Improving Treatment Self-Management Among TB Vulnerable Populations

Partners

KHPT, USAID

Sectors

Public Health

Infectious Diseases (TB)

Location

Karnataka, Telangana, Assam, Bihar

Services

Design Research, Behaviour Change Interventions

Timeline

Sept 2020-Feb 2021

Overview

While TB interventions have been around for decades now, the attempt through this project was to specifically examine the TB program from the lens of vulnerable populations.

Our definition of vulnerable populations? Those who are, in some way or the other, disadvantaged when it comes to their line of work, or in being easily reached for testing, or in being under constant supervision by a caregiver or a healthcare professional through their treatment journey. This included Bihar Migrants, Industrial Workers, Mining Workers, Urban Vulnerable, Lambada & Koya Tribes, Bodo Tribes and Tea Garden Tribes.

The attempt was to

understand their health-seeking behaviour

for general health issues as well as for TB, culling out the enablers and barriers. And, consequently,

find opportunity areas to develop innovative, non-medical interventions

to increase the propensity of these vulnerable populations to exhibit the desired health behaviours.

This outcome of this project was a set of over 30 tested, iterated ideas ready to be piloted across TUs.

Partners

KHPT, USAID

Sectors

Public Health

Infectious Diseases (TB)

Location

Karnataka, Telangana, Assam, Bihar

Services

Design Research, Behaviour Change Interventions

Timeline

Sept 2020-Feb 2021

Macro Problem

When it came specifically to our core focus of TB, the larger problem to solve for was -

Increase self-management of treatment, especially for scenarios like Covid when the regular functioning of the healthcare system is hampered.

Macro-Problem

How might we increase self-management of TB treatment, especially for scenarios like Covid when the regular functioning of the healthcare system is hampered?

Micro Problem

We delved deeper into this problem of self-management by defining the specific steps in the user journey and arrived at hundreds of sharply-defined problem statements.

Here’s one example, concerning patient drop-offs mid-way through TB treatment.

The Invisible Problem

Micro-Problem

How might we make it easier for a TB patient - impatient to get back to normalcy, to feel reassured that they’re not over-correcting by taking medicines?

Interventions

Enabling better patient adherence and self-management-Medicine TrackPack

Medicine packaging that makes it easier for the patient to keep a track of their treatment - on a daily basis. And giving them a clear indication of where they are on their treatment journey.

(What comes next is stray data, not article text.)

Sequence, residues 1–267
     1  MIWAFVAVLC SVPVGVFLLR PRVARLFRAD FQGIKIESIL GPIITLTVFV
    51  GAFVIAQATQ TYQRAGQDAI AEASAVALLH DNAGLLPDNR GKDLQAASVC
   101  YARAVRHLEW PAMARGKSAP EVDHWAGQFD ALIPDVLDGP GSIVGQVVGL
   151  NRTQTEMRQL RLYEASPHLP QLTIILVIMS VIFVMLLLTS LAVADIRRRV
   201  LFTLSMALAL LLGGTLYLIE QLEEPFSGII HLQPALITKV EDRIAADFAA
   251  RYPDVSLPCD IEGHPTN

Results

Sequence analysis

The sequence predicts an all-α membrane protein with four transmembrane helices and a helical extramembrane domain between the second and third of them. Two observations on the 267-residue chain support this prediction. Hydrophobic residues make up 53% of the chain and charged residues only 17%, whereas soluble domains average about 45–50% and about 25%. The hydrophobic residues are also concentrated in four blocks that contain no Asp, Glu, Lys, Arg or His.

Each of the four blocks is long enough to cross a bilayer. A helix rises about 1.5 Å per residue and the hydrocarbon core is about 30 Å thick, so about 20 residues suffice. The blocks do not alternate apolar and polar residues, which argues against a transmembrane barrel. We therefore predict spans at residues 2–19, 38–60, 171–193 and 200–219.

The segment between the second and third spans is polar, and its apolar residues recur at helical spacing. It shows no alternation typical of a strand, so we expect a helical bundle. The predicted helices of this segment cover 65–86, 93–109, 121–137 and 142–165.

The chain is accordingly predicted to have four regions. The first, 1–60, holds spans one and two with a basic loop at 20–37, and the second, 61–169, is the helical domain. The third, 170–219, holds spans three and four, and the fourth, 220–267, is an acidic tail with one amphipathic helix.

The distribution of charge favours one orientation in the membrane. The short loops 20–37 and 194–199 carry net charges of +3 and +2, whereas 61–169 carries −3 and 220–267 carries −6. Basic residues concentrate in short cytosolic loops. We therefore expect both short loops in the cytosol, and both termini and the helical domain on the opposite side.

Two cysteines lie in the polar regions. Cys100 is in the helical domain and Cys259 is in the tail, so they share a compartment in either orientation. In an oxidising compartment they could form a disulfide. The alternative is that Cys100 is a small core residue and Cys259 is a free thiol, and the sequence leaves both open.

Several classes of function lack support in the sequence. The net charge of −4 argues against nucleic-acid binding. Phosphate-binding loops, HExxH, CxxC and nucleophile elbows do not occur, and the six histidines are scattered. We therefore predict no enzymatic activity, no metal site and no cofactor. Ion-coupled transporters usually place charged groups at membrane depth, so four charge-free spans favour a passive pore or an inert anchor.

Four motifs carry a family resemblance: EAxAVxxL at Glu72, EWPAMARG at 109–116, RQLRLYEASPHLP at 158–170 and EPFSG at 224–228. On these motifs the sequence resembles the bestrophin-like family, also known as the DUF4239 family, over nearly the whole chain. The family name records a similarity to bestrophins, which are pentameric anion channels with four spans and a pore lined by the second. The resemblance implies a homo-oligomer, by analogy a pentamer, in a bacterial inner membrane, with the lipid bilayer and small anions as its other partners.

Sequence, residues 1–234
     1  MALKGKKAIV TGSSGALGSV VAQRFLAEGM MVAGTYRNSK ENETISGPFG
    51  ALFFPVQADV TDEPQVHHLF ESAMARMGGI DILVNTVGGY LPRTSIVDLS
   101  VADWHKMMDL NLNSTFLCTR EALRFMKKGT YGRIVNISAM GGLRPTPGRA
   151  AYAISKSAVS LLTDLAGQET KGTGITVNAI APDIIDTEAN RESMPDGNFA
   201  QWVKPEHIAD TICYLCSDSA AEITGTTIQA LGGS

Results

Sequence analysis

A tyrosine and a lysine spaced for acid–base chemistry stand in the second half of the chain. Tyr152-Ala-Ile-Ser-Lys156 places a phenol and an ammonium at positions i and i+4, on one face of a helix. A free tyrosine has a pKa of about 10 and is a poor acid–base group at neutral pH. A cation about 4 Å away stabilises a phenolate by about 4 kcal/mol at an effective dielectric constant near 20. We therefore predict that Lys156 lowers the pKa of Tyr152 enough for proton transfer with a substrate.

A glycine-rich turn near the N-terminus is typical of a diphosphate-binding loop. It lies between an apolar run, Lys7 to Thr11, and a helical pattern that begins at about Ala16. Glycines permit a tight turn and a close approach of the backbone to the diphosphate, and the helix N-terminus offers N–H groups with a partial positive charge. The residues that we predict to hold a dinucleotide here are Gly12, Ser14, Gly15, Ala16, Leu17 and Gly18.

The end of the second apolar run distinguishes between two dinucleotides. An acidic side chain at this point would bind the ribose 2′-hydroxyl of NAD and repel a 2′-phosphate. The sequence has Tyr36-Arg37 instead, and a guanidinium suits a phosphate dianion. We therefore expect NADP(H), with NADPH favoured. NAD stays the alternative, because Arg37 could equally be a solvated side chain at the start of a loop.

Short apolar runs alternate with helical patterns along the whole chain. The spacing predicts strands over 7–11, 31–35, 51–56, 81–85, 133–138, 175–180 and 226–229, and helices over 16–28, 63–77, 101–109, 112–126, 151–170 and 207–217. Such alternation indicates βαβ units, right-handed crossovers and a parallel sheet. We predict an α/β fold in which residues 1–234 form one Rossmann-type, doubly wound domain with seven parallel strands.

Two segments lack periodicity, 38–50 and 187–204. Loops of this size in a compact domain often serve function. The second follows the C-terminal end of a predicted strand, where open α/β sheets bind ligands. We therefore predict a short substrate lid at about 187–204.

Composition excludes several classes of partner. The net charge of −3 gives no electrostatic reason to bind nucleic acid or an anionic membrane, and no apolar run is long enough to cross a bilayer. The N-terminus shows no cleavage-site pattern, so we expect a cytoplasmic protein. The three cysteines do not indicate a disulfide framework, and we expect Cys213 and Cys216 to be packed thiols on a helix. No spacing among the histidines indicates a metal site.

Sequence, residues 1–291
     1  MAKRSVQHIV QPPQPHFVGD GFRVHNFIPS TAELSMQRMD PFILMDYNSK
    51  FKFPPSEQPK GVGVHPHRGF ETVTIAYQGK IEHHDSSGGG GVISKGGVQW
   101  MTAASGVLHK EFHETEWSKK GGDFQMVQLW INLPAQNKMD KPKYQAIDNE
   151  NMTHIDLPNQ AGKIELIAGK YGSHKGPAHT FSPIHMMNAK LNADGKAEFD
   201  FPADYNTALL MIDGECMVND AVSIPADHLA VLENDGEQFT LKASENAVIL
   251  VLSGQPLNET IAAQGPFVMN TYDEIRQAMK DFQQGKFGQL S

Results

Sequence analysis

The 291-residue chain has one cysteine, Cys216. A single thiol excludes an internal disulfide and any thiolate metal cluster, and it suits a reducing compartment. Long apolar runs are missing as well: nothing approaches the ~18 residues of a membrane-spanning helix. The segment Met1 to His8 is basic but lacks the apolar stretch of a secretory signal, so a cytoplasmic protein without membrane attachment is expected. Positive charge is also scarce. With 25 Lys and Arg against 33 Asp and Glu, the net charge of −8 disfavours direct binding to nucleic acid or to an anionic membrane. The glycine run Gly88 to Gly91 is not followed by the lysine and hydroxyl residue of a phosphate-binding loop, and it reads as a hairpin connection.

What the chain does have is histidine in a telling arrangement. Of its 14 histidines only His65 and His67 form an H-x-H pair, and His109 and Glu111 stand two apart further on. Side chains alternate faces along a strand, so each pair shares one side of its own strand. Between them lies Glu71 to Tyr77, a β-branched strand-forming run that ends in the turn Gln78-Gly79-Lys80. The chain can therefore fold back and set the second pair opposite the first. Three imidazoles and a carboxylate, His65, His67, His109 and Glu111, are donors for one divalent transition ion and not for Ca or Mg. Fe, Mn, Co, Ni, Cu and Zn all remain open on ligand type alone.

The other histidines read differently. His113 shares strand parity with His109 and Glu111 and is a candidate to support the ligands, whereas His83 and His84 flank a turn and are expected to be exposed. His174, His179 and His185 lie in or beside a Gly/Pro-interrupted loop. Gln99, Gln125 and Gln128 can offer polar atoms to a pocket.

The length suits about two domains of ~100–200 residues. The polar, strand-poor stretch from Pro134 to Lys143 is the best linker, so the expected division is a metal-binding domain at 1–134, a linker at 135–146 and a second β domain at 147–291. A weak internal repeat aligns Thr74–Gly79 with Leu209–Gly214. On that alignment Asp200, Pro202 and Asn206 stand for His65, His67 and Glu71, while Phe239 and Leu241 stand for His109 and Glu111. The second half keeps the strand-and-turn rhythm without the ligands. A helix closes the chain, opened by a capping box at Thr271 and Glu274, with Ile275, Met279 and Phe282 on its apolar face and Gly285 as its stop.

Countering Decision Fatigue and Cognitive Overload: By focusing on just the 1-attribute of DAY NUMBER and making the tablets and the calendar the same 28-day month cycle.

Goal Gradient: Patients are more likely to adhere when they know they are moving closer to an end goal.

IKEA Effect: When patients see how much effort they’ve already put in, it will nudge them to not give up.

Countering Ostrich effect / What-the-hell effect: Calendar gives the perception of being more in control.

Countering Omission Bias with Certainty-Possibility Effect: Countdown numbering provides proof that every single one of the 168 days is essential for cure, and is a mandate, not a recommendation.

Enabling home-bound patients to be more in control of their treatment-TB Organiser

An organiser with the TB treatment calendar at the fore - helping patients and caregivers at home to track and be in control of their TB treatment journey.

Goal Gradient: Patients are more likely to adhere when they know they are moving closer to an end goal.

IKEA Effect: When patients see how much effort they’ve already put in, it will nudge them to not give up.

Countering Ostrich effect / What-the-hell effect: Calendar gives the perception of being more in control.

Countering Omission Bias with Certainty-Possibility Effect: Countdown numbering provides proof that every single one of the 168 days is essential for cure, and is a mandate, not a recommendation.

Ambiguity aversion: Removing the ambiguity from the long treatment regimen.

Enabling migrant patients to be more in control of their treatment-TB Record Book

A Record Book of the patient’s treatment journey which nudges them to take more control of their own treatment - whether at 1 location or several during their treatment journey, and also triggers them for timely testing, counselling and DBT disbursal.

Goal Gradient: Patients are more likely to adhere when they know they are moving closer to an end goal.

IKEA Effect: When patients see how much effort they’ve already put in, it will nudge them to not give up.

Countering Ostrich effect / What-the-hell effect: Calendar gives the perception of being more in control.

Countering Omission Bias with Certainty-Possibility Effect: Countdown numbering provides proof that every single one of the 168 days is essential for cure, and is a mandate, not a recommendation.

Ambiguity aversion: Removing the ambiguity from the long treatment regimen.

Loss aversion: You have the right to ask for your INR 500 DBT and your free test per month worth INR 300.

Making it easier to trigger suspected TB patients to get tested-TB Jaanch Coupon

A coupon that health-workers give to TB-suspected patients to nudge them for testing This will be used by ASHAs, CCs, RNTCP, Work doctors, Pvt. Doctors, RHPs.

Loss aversion: The pain of losing INR 300 is 2x the joy of winning INR 300.

Scarcity mindset: Increasing the perceived value of the free test by providing a limited window to avail it.

Countering Friction costs: eliminating mental barriers to visit a testing centre.

Authority bias: More likely to pay heed to something that’s official.